Manny Corpas, who began his career as a rookie closer on the NL-winning Rockies before struggling with injuries, has returned to Colorado on a minor-league contract.
Corpas spent last season with the Cubs, posting a 5.01 ERA and 28/16 K/BB ratio in 47 innings at age 29 after missing all of 2011 following Tommy John elbow surgery.
He took over as the Rockies’ closer in mid-2007, saving 19 games with a 2.08 ERA as a 24-year-old, but since then Corpas has thrown 222 innings with a 4.86 ERA and just 6.0 strikeouts per nine frames. He’ll compete for a low-leverage bullpen gig.
Trotting out a lineup that included just one regular, the Reds beat the Cubs 5-3 on Thursday to complete a three-game sweep at Wrigley Field and become the first team this year to clinch a playoff berth.
The Reds got Johnny Cueto his 18th victory despite fielding a lineup that included Miguel Cairo at first base and second baseman Henry Rodriguez hitting third in his first career start. Todd Frazier and Chris Heisey were in there as well, but catcher Ryan Hanigan was today’s only starter who can be safely penciled into the lineup for Game 1 of the NLDS.
The team was also missing its manager, as Dusty Baker remained hospitalized after being diagnosed with an irregular heartbeat.
Cincinnati’s ‘B’ lineup was shutout by Jason Berken for six innings, but it busted out for five runs off Manny Corpas in the top of the seventh. That earned Cueto the win, even though he had been removed for a pinch-hitter. Coming off three straight losses, Cueto was better today, though not dominant. He allowed five hits, walked four and struck out just two.
With two starts left, Cueto still has a chance at 20 wins for the season. He’ll have an even better chance if Joey Votto and Brandon Phillips are in the lineup next time he pitches.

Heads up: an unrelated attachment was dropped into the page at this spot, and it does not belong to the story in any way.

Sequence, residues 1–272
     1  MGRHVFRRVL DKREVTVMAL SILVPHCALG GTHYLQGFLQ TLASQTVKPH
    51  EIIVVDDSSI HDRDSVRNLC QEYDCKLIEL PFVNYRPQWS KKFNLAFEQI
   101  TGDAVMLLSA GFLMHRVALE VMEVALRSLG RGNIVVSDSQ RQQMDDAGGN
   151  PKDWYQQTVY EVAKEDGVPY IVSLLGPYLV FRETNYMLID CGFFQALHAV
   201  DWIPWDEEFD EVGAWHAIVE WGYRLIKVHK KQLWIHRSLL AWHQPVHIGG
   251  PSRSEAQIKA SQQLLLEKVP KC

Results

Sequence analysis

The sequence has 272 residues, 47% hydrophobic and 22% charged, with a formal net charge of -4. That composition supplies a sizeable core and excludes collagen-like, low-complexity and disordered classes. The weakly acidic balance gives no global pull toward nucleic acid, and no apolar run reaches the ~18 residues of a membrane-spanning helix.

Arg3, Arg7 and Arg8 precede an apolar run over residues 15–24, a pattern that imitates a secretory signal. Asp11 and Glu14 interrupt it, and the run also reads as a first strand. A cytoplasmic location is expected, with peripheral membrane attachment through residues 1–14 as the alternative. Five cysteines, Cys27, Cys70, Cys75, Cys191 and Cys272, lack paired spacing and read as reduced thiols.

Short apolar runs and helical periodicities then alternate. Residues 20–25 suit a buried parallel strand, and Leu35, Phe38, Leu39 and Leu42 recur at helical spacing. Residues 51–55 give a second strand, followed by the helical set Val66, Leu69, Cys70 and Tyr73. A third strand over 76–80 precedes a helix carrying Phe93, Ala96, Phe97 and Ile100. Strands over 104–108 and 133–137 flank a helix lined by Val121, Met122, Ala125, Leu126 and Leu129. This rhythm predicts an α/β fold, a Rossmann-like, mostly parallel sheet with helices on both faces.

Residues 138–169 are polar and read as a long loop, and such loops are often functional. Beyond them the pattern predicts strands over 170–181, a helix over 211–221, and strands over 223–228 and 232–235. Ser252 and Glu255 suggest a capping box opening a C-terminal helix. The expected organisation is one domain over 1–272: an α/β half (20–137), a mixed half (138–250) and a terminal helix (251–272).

The scene: Nationals Park, during the fifth inning of the last night’s Cubs-Nats game, Nats up 7-2. The incident: Cubs bench coach Jamie Quirk is jawing from the dugout — after he was ejected umpire Jerry Layne referred to it as “screaming out obscenities,” and Nats third-base coach Bo Porter jawed right back at him. The reason, according to Cubs catcher Steve Clevenger:
“You’re up 7-2, Lendy Castillo’s pitching, it’s 3-0. You don’t swing in that situation”
This referring to Jayson Werth swinging at a 3-0 pitch just prior. Also agitating the Cubs was the fact that the Nats stole two bases that inning.
The next inning, things got chippier, when Castillo threw at Bryce Harper. Benches cleared. While everyone later said the requisite “he didn’t mean to do that” stuff, Patrick Mooney of CSNChicago.com observes that Clevenger didn’t move an inch to catch the ball that Harper had to jump out of the way to avoid, so he knew where that pitch was headed. And then he was in the middle of the scrum that developed. Quirk was ejected, as was Clevenger and Cubs reliever Manny Corpas.
The overall assessment: total amateur hour by the Cubs. Maybe it’s wrong for 12 year-olds to run up the score on one another, but this is the big leagues. Guys are going to steal bases and swing on 3-0. They won’t stop trying just because you’re getting your asses kicked all over the park. Don’t like your asses getting kicked all over the park? Play better.
White Sox outfielder Alejandro De Aza and Cubs reliever Manny Corpas are off-field friends, but that didn’t stop them from creating some drama in the Chicago interleague series yesterday.
With the White Sox up 7-0 in the eighth inning Corpas came into the game and plunked De Aza on the leg with his first pitch, presumably because Alex Rios attempted a stolen base up 6-0 in the previous inning. Or something.
Whatever the case, De Aza said afterward that he thinks it was intentional:
I don’t know, but the way he threw that ball, I think it was on purpose. I did face him before. Actually, me and that pitcher, we’re cool, we’re friends. I’ve known him for a long time. I think they just told him to hit the first guy.
Cubs manager Dale Sveum predictably downplayed the topic when asked, saying: “I don’t know. He hit him. It happens sometimes.”
Yes, “sometimes” like when a manager tells a pitcher to hit a batter in a blowout.
Manny Corpas was the closer on a World Series team as a 24-year-old in 2007, tossing 78 innings with 2.08 ERA, but he struggled this season for the third straight year before undergoing Tommy John elbow surgery in September and today the Rockies released him.
Corpas still has one season and $3.5 million remaining on the long-term contract he signed in February of 2008, and the Rockies must also pay him $750,000 worth of buyouts for 2012 and 2013 team options that would have been worth $14 million.
He’s still just 28 years old and didn’t pitch quite as bad as his bloated ERAs looked prior to going under the knife, but at best Corpas will be ready to pitch again in September and the Rockies decided to simply eat the rest of his contract to clear a spot on the 40-man roster in the meantime.